Whatever lip-service is paid to the events that came before is all relatively minor. (Seems we’ve all worked past that time when Jim Gordon had a mohawk and a giant pet Bat-robot for a spell.) In the right hands, this debut one-shot could give the impression that an intimate knowledge of the Bat-mythos was anything but essential. And isn’t that the point? Batman feels fresh for the first time in years — if nothing else, it’s certainly the most assured Bat-debut since Snyder & Capullo’s Batman #1 nearly five years ago. Apparently, when it comes to first impressions, Batman: Rebirth is King. (That’ll be the last time I do that, I swear.)

  • 90


    Batman: Rebirth #1 is a fun read that sets the deck for the upcoming launch of the new volume. The issue acts as a transition between two volumes of the iconic series, which is often an awkward story to tell, but that isn’t the case here. If this issue is any indication, Batman is going to continue to be a damn good read and King and Janin are going to take readers on a fun ride. Bring it on.

  • 85

    Pastrami Nation

    I enjoyed Batman: Rebirth, and I think for many, this will lead them into following the new adventures of Batman moving forward.

  • 85


    The New 52 didn’t dramatically revamp the Batman franchise, and it doesn’t appear as though DC Rebirth will either. And why should it? Batman was a terrific comic under Scott Snyder and Greg Capullo, and it’s shaping up to be a terrific comic under Tom Kinng, Mikel Janin and David Finch as well. This issue serves as a great showcase for the new team as well and offers a taste of the new flavor they’ll be bringing to Gotham City.

  • 82

    Graphic Policy

    Batman Rebirth #1 establishes both a new visual identity and character dynamic in the Batman title that is a little old (Alfred/Gordon) and a little new (Duke Thomas, more formidable Calendar Man) taking a cue from DC Rebirth, but while telling its own story and focusing on its own relationships. Mikel Janin also continues to be one of DC’s finest storytellers as he melds the epic photorealism of Jae Lee’s recent work with quick cut panels to avoid any stiffness with a side of beefcake that works in favor of Snyder and King’s open, optimistic characterization of Batman. The final page twist (if it is twist) could be delineated a little better, but demonstrates Janin and Chung’s skill to work with the dark chaos of Batman stories as well as his more charming side.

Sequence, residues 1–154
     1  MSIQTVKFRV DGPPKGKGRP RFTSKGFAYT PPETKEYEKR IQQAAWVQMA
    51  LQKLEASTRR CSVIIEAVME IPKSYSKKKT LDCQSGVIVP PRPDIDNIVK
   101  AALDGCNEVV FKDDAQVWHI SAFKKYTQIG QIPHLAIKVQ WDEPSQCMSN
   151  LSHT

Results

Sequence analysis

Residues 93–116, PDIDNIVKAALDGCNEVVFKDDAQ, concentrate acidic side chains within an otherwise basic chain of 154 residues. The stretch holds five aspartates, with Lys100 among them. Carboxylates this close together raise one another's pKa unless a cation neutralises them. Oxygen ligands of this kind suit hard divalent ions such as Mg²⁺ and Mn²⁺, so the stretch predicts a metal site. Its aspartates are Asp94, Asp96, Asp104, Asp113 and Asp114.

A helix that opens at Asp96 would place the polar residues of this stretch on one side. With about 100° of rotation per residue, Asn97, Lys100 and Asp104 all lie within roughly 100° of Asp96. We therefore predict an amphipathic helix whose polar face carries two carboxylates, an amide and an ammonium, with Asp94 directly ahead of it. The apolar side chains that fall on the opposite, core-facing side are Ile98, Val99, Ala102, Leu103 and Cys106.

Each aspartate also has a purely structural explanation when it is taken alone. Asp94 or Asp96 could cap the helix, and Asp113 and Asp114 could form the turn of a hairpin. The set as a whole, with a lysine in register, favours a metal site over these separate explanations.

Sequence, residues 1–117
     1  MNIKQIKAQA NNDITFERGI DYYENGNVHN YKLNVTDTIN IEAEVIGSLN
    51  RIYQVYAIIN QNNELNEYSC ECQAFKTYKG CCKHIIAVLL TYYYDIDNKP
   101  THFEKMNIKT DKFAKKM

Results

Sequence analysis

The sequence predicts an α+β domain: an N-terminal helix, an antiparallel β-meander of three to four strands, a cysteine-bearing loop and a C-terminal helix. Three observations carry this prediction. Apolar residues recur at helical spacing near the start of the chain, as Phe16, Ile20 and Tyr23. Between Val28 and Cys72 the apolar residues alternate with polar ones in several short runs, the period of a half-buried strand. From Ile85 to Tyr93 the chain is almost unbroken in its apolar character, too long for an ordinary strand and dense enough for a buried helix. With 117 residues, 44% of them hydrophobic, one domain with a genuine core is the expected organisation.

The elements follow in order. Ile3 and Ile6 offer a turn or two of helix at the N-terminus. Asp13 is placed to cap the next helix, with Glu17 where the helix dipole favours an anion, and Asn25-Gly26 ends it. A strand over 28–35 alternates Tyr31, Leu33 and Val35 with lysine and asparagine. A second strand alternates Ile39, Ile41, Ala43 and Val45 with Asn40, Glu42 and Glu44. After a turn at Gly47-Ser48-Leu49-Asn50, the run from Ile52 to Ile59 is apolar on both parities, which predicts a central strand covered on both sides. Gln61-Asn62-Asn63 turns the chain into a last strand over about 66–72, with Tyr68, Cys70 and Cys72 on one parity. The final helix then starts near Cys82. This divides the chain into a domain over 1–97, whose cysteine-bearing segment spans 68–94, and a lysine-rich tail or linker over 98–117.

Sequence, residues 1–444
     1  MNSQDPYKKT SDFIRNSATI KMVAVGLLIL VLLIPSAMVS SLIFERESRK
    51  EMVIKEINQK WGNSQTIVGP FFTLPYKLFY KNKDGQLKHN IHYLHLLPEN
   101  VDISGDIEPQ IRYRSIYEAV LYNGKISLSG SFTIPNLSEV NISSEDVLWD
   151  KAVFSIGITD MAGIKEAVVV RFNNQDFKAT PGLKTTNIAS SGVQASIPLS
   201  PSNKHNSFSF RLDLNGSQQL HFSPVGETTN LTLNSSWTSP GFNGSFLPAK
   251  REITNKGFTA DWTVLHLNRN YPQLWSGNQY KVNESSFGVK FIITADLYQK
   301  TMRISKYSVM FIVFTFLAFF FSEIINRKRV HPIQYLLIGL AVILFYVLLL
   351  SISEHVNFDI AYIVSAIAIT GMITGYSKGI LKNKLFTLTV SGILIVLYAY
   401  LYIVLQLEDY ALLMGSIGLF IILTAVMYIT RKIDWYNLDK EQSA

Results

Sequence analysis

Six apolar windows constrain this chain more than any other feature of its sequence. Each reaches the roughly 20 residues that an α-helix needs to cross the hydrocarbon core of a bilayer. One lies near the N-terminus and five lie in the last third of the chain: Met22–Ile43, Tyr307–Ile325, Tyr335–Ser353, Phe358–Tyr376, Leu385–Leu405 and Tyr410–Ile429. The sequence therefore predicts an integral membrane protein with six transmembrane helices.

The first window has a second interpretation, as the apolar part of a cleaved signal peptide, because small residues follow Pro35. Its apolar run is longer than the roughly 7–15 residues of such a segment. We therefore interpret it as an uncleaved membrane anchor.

• 80


    Seriously, this is a solid look at King’s upcoming Batman series, and I’m definitely on board. The characters are written well, we’ve got an interesting new mystery/villain to solve/defeat, and Janin’s pencils are as gorgeous as ever. This definitely feels like a fresh, reinvigorated take on the Dark Knight. I think Batman is in very good hands.

    But man, it bugs the heck out of me that they’re going to force Duke into some knock-off role. I’ve made this argument with Harper Row before: being ‘Robin’ has meaning, even beyond the comics. People know ‘Batman and Robin’. They’re iconic. They mean something. Batman and Robin will be around for a long, long time. But Bluebird? Or whatever this new, yellow mini-Batman is? They will be brushed aside and forgotten before too long.